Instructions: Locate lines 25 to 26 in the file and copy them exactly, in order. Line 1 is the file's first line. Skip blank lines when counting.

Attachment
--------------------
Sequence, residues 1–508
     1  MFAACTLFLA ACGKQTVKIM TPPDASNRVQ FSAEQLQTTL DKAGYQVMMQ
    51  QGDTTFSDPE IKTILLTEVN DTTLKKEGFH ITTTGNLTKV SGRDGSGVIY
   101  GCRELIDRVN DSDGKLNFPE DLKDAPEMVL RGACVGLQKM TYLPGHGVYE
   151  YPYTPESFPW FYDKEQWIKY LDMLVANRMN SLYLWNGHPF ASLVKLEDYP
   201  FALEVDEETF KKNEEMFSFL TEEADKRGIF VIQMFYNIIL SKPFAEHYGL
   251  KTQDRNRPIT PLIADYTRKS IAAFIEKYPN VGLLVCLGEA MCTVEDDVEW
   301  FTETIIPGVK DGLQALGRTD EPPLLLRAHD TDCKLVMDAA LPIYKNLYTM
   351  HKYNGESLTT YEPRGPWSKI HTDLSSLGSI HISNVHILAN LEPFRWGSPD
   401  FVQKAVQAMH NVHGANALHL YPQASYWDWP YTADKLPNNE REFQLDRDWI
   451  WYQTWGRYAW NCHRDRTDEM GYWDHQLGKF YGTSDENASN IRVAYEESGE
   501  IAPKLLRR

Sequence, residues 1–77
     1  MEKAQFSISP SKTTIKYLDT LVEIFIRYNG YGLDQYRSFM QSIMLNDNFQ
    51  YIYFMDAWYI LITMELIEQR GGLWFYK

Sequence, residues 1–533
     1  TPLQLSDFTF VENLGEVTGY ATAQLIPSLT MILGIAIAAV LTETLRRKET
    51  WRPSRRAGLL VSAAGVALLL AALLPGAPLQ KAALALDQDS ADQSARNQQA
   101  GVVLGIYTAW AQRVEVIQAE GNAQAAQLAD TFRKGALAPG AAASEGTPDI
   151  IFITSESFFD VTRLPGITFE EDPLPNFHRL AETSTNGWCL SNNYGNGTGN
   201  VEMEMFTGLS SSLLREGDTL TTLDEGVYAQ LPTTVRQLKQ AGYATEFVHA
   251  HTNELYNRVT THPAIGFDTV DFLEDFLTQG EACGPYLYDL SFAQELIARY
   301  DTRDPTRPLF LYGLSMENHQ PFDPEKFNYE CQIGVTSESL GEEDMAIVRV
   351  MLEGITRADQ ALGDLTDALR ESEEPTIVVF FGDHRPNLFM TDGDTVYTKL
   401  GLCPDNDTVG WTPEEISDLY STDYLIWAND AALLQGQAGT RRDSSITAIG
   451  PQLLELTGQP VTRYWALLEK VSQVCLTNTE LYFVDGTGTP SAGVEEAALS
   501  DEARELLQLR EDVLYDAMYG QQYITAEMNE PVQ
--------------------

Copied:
   401  GLCPDNDTVG WTPEEISDLY STDYLIWAND AALLQGQAGT RRDSSITAIG
   451  PQLLELTGQP VTRYWALLEK VSQVCLTNTE LYFVDGTGTP SAGVEEAALS